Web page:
Monday, July 28, 2014
The Sony A7S Mark II Is Your Next Camera
I'm excited because the A7S makes me believe that ISO performance matters again. I had recently declared that ISO no longer matters, and that is still true for almost everyone. For people with serious professional demands or artistic ambitions that go beyond pretty landscapes, the A7S opens new doors.
Now I See from Philip Bloom on Vimeo.
The A7S also opens a door that should have never been closed in the first place. Neither the A7 nor the A7R had good autofocus. It was a real killer for such an expensive camera and may help to explain why the A7 can be had for less than $1300. Both sensors were very good in low light, but the sensor far outstripped the capabilities of the AF. The A7S goes much of the way toward fixing that. The AF is still nowhere near the Olympus E-M5 and E-M1, or the Panasonic GH4, but seems on par with what I remember from Fuji's newest cameras.
This is significant because the A7S is more worth its price than the A7R was. The R had that crazy-high-resolution sensor, but no lenses to take advantage of it. And when the ordinary A7, itself no slouch in the resolution department, can be easily found for a thousand dollars less, well, the A7R made no sense. The A7S makes sense... lots of sense.
And the video is awesome! I didn't have much of a chance to deal with it, but you don't need me for that. Just head over to EOSHD and read his rolling review of the camera. If that doesn't get you excited, I don't know what will.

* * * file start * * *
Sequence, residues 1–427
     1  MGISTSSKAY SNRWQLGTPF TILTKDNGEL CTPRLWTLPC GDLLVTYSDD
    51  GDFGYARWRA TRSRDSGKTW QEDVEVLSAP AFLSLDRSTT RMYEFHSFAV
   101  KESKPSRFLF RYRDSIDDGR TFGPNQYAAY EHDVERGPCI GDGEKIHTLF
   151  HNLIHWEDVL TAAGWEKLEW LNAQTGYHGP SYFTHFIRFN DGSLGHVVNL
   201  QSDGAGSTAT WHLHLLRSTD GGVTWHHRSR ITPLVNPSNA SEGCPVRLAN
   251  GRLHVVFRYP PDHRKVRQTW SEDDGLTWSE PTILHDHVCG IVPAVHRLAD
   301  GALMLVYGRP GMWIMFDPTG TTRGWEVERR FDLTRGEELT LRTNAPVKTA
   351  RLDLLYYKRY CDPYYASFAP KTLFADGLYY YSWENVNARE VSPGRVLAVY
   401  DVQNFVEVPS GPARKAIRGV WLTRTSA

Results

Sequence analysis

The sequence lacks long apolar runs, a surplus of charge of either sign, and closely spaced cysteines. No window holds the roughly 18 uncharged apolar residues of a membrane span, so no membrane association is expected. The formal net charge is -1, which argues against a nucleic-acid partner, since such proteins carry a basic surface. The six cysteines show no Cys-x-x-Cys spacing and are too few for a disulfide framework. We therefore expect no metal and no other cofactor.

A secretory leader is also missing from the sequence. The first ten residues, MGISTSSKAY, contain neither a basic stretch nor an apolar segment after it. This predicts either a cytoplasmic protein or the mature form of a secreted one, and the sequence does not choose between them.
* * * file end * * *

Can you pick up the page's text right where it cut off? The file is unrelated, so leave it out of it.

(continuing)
So, after all of that, why did I title this with the A7S Mark II? Because you shouldn't buy the A7S. You should buy its sequel, which is probably only a year away. The biggest problem with the A7S's video is the abysmal rolling shutter. It's very noticeable whenever the camera moves. Believe me, I very much appreciate how hard it is for camera companies to fix that and I do not blame Sony for this. They wedged way more into a super-tiny body than I would have bet possible. Moreover, the rolling shutter is bad because Sony made the big advancement to do a full-pixel readout from the sensor during video mode.
What that means it that when the sensor data is being stored on the memory card, it doesn't skip lines as it moves down the rows of pixels on the sensor. Back in the day, bandwidth and processing power necessitated this, and the act of skipping lines causes issues like jaggy edges and weird patterns to appear. A full sensor readout is a big deal, Sony should be commended for managing it in such a small body, and it should be pointed out that no one else is doing this. Still, the camera is expensive and when rolling shutter is so bad, that's a serious concern.
In fairness, and if you really want the A7S, it comes with an APS-C mode that uses a crop from the sensor that is about the size of a Super-35 circle. This greatly helps reduce rolling shutter.
Goodbye Jello! Hello Sony A7S APS-C vs Full Frame. Also some 720p 120 FPS. from Ed David on Vimeo.
Still, you get a full-frame camera to use the full frame. Taking a crop is a very useful tool when you want it. When one is forced to use it to avoid a problem... it becomes a problem.
So for that reason, I think that the current A7S is something that you should hold off on buying. I have complete confidence that this one issue, the rolling shutter, will be at least alleviated enough to warrant a purchase in the future, though.